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Supreme Court hears severance pay case

Is a severance package a form of employment income, or does it constitute a supplemental unemployment benefit?

The answer makes a big difference when it comes to income taxes, and it’s now up to the justices of the U.S. Supreme Court to provide a definitive answer.

The court heard arguments Jan. 14 in U.S. v. Quality Stores Inc., which stems from a 6th U.S. Circuit Court of Appeals ruling that severance payments received by employees of a company that ceased operation and went into bankruptcy were not taxable as income.

The company had reported the payments as wages on the employees’ W-2 forms and withheld federal income tax.

The employees later sought refunds from the IRS, arguing that the severance pay constituted supplemental unemployment benefit (SUB) payments, and was therefore exempted from income taxes.

The 6th Circuit agreed, and the federal government successfully petitioned the Supreme Court for review.

Eric J. Feigin, assistant to the U.S. solicitor general, argued that severance pay falls within the definition of “wages” under the Federal Insurance Contributions Act and urged the court to interpret the definition “broadly to encompass the entire employer-employee relationship.”

Justice Samuel A. Alito Jr. asked if the result would be different if the payments were not linked to employment terms.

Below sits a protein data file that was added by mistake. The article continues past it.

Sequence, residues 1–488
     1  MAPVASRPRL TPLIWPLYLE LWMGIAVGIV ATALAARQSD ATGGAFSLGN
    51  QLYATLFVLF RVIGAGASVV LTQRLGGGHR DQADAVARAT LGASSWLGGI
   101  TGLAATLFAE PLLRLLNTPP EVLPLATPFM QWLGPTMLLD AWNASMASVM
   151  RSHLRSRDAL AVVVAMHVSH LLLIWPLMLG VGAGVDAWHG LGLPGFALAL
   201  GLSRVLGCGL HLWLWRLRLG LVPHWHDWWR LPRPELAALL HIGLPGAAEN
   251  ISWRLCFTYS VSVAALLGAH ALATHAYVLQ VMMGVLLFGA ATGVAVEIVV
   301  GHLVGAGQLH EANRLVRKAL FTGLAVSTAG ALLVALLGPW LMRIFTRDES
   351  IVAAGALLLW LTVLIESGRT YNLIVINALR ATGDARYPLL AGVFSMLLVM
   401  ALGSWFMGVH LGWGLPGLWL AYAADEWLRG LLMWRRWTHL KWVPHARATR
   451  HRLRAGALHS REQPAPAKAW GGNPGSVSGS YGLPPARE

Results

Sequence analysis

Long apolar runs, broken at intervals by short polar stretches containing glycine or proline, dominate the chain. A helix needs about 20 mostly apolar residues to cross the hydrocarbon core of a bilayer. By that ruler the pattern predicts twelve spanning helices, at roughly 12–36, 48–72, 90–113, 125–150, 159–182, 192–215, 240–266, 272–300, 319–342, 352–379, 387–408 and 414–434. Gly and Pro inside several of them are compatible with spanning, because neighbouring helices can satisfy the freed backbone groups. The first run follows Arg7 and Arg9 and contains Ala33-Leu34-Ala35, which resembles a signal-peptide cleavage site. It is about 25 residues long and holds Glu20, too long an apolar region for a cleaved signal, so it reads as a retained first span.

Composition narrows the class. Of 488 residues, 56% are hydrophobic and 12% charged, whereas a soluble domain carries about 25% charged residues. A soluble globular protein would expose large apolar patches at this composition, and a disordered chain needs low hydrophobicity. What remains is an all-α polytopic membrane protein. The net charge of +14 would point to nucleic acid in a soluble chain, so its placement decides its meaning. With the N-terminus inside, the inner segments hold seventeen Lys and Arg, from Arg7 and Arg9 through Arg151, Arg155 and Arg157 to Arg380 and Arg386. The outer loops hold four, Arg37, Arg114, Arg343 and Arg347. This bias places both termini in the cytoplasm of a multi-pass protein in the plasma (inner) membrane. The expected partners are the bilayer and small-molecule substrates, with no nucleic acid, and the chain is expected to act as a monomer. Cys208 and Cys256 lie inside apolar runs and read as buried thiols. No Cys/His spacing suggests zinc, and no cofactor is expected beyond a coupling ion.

“What if the payments were not keyed to the length of service and to salary?” Alito asked.  “[What if] it was just a flat severance payment?”

“We still think that would meet the basic definition of ‘wages’ under FICA,” Feigin said.

Robert S. Hertzberg, a partner in the Detroit office of Pepper Hamilton arguing on behalf of the employees, pointed out that the government concedes that at least some forms of severance packages fall outside of FICA’s reach.

“Where the dispute lies is what SUB payments are covered by FICA and which are not,” Hertzberg said. “If the payments meet the definition of SUB payment under the statute, then they are not wages and not subject to FICA.”

Justice Ruth Bader Ginsburg pointed out the other side of the employees’ argument.

“There are some severance payments that do count for FICA purposes, isn’t that so?”

“‘Severance’ is a generic term, but payments such as dismissal payments, are treated as wages for FICA purposes,” Hertzberg said. “We believe the definition is different for supplemental unemployment benefits.”

A decision is expected later this term.

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